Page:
How to Calculate Moving Average in Google Sheets Using a Formula with GOOGLEFINANCE and AVERAGE Functions
Now that we have learned how each of the functions (GOOGLEFINANCE and AVERAGE) works separately, we will now see how they work together.
On a larger scale now, let’s say you want to calculate the 3-day SMA of Twitter stocks over the last month. The first step would be fetching data of 30 days prior to today’s date. We can do this through the following formula:
Let’s break down the new parts,
The today() segment automatically fetches today’s date, today()-3o inserts the duration of 3o days prior to today’s date. If we were to fetch 15 days prior to today’s date, this segment will be written as today()-15 and so forth.
Select a blank cell and write the above formula. This should retrieve the stock prices of Twitter over the last 30 days and it should look like this:
You might notice that the retrieved data fills up to cell 21 while the requested data was for 30 days. This is because data is only recorded during trade days, all off-days are not counted and therefore return no data.
Now to calculate the 3-day SMA, head over to the fourth cell in column C, which we will dedicate to the AVERAGE formula and results. In the blank cell, write the following formula:
By pressing the Enter or Return key, you should have the calculated average of the first three days in place as shown below:
Now we have the 3-day SMA of dates 28/02/2022 through 2/3/2022. Now if we want to calculate the 3-day SMA from the subsequent days of each date, and everyday that follows, we would have to write the above formula for each three subsequent cells.
Doing this for each cell is tiresome and time-consuming. A much easier way to apply the above formula on all of your data is by selecting the main cell in which the main formula is written (cell C4) and dragging down from the corner to cover the rest of the cells.
Or simply by using the shortcut ctrl+enter (sometimes prompted by Google Sheets) this auto-fills the formula into the rest of your cells.
Now your data should look like this:
An overall breakdown: Column A displays the dates of the trade days over the last 3o days. Column B displays the closing prices of each day.
Each cell in Column C displays the average of the past 3 days, and an overall look on the column shows the 3-day moving average of your data.
How to Calculate Moving Average in Google Sheets Using a Formula with GOOGLEFINANCE and QUERY Functions
Now that you have mastered the above combination of functions, you might want to expand your analysis to cover not only one asset, but two, three, or way more than that.
By strictly following the above steps, you will get results, but you will also get an overcrowded worksheet, a mayhem of numbers and dates, and a difficulty in comprehending any data at all.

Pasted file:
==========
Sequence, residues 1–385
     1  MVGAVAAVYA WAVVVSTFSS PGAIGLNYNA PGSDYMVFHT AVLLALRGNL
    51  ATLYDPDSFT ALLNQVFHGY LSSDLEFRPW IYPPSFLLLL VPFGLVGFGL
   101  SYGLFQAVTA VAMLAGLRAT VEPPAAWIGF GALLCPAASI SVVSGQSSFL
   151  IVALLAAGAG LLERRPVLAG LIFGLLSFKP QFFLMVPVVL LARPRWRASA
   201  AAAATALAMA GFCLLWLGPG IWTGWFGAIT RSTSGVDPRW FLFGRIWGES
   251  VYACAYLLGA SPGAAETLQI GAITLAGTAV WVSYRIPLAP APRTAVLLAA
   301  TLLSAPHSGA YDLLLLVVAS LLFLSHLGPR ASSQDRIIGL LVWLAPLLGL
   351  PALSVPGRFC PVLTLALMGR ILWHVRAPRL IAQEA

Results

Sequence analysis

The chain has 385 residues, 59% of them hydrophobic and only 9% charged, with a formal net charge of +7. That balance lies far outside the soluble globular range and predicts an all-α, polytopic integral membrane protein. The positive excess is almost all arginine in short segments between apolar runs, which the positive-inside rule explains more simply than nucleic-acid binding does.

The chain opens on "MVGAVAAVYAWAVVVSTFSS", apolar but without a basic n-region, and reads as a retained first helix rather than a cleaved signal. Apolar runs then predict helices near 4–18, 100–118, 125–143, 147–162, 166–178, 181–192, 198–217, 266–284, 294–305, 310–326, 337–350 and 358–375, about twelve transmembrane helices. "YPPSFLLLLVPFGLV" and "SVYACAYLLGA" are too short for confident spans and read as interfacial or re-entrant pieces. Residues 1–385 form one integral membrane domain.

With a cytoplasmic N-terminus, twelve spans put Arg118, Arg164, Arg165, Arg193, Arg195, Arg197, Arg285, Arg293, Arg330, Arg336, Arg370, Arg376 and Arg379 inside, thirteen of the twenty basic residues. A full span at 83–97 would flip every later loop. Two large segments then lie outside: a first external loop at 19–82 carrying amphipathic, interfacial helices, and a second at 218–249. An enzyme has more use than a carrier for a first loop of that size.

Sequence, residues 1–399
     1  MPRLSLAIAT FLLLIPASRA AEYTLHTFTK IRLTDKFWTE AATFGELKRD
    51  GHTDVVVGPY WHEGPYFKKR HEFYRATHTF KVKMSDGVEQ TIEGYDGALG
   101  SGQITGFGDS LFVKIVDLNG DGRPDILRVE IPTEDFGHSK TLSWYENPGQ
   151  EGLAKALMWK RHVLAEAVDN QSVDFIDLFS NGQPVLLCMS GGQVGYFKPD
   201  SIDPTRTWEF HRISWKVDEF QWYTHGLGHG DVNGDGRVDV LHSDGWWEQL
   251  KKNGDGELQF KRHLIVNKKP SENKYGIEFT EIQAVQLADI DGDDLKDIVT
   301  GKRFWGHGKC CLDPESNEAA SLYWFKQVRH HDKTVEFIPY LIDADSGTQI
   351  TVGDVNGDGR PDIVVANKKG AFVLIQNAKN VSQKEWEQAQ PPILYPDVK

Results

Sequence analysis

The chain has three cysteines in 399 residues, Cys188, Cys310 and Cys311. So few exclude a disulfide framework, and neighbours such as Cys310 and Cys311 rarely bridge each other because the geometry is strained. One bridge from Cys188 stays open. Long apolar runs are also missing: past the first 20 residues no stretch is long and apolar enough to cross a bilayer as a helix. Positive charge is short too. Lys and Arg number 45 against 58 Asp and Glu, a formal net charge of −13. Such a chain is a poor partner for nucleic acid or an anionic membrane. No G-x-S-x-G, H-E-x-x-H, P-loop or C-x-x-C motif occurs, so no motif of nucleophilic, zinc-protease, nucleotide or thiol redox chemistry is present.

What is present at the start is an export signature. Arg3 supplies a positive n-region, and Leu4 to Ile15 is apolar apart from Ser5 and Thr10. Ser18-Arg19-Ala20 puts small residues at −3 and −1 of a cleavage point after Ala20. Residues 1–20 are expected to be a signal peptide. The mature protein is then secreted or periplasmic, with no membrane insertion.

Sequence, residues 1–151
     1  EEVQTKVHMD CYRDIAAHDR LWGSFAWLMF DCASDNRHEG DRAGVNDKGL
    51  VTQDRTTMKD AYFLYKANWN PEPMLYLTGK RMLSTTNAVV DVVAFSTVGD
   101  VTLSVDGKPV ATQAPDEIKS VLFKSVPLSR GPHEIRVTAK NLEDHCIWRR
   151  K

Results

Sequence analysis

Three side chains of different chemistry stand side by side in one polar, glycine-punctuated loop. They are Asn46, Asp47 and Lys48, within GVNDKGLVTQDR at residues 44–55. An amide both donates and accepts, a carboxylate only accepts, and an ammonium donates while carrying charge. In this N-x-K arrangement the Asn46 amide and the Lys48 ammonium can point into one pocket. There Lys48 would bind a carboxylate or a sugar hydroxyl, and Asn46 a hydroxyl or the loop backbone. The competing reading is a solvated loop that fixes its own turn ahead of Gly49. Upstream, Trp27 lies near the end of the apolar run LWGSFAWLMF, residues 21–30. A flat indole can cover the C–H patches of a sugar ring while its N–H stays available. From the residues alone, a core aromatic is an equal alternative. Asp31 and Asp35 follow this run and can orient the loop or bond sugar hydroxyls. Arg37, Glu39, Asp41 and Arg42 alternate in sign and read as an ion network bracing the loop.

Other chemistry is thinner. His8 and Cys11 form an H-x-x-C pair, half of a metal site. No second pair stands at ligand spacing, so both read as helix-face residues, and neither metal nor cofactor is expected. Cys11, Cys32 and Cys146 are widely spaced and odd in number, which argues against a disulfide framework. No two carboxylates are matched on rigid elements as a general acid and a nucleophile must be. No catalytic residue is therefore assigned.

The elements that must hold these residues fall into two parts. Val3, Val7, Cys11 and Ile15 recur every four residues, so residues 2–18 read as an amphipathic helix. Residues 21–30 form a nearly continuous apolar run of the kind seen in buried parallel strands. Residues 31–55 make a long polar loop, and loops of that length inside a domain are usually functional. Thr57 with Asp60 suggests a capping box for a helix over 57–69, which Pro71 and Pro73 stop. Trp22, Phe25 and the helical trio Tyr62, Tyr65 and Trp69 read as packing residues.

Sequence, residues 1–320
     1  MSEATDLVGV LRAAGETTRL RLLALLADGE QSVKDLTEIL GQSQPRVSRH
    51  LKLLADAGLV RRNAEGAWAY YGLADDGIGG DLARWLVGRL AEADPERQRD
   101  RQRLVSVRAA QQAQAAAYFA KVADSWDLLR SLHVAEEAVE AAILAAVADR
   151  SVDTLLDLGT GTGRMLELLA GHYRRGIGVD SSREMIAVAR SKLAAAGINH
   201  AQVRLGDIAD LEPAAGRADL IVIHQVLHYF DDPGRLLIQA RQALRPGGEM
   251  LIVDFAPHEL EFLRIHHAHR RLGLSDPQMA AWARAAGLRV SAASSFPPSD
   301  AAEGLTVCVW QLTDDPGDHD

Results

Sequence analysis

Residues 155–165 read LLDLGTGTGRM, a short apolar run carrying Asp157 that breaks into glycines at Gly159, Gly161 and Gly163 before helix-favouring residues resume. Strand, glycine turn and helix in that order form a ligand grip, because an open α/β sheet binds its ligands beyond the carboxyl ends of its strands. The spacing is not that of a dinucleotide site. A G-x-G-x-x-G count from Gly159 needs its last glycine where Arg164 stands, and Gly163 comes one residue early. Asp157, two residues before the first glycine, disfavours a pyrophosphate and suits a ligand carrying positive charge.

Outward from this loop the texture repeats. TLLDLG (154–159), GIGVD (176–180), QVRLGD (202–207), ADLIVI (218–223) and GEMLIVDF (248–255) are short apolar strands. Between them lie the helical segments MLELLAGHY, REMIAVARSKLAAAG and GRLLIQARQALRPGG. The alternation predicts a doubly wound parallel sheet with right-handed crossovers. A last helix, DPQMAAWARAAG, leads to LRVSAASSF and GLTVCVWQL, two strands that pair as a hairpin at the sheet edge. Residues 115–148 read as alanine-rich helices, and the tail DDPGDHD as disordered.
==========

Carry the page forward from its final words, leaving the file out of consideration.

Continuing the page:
This issue is best solved using the QUERY Function. It gives you the chance to view SMA of a given number of days prior to the current day.
It is a dynamic formula that is always updated, and will directly show the SMA of many assets at the same time, to make comparisons and analysis more clearer and much simpler.
For this part of the tutorial we will be using 5 different assets and we will write them all in Column A in the following manner:
Let’s say that we will calculate a 5-day SMA of the previous assets, we will do so by using the following formula:
- A2 is the cell in which our ticker is written. The start_date and end_date are presented as shown before using the TODAY()-5 method to fetch five days of data.
- The QUERY function allows us to specify the exact data we want fetched. In this case, we want the closing prices which are in the second column, so we use “Select Col2” to achieve this.
- Since the QUERY Function only fetches the closing values, we want to calculate the SMA of these values so we use the AVERAGE Function to do so.
Now to apply all of this, select a blank cell in column B and insert the main formula from above. Drag down from the main cell to apply the formula to the rest of the sheet. It should look like this:
To sum up everything we have learned, we covered how to calculate the Simple Moving Average in Google Sheets using the GOOGLEFINANCE and AVERAGE Functions which is perfectly used when analyzing one or two different assets.
We also learned how to calculate SMA for multiple assets using the GOOGLEFINANCE and QUERY Functions. We broke down each formula so it would be easily understood and adapted to different inputs.
Hopefully, this was clear and easy to follow.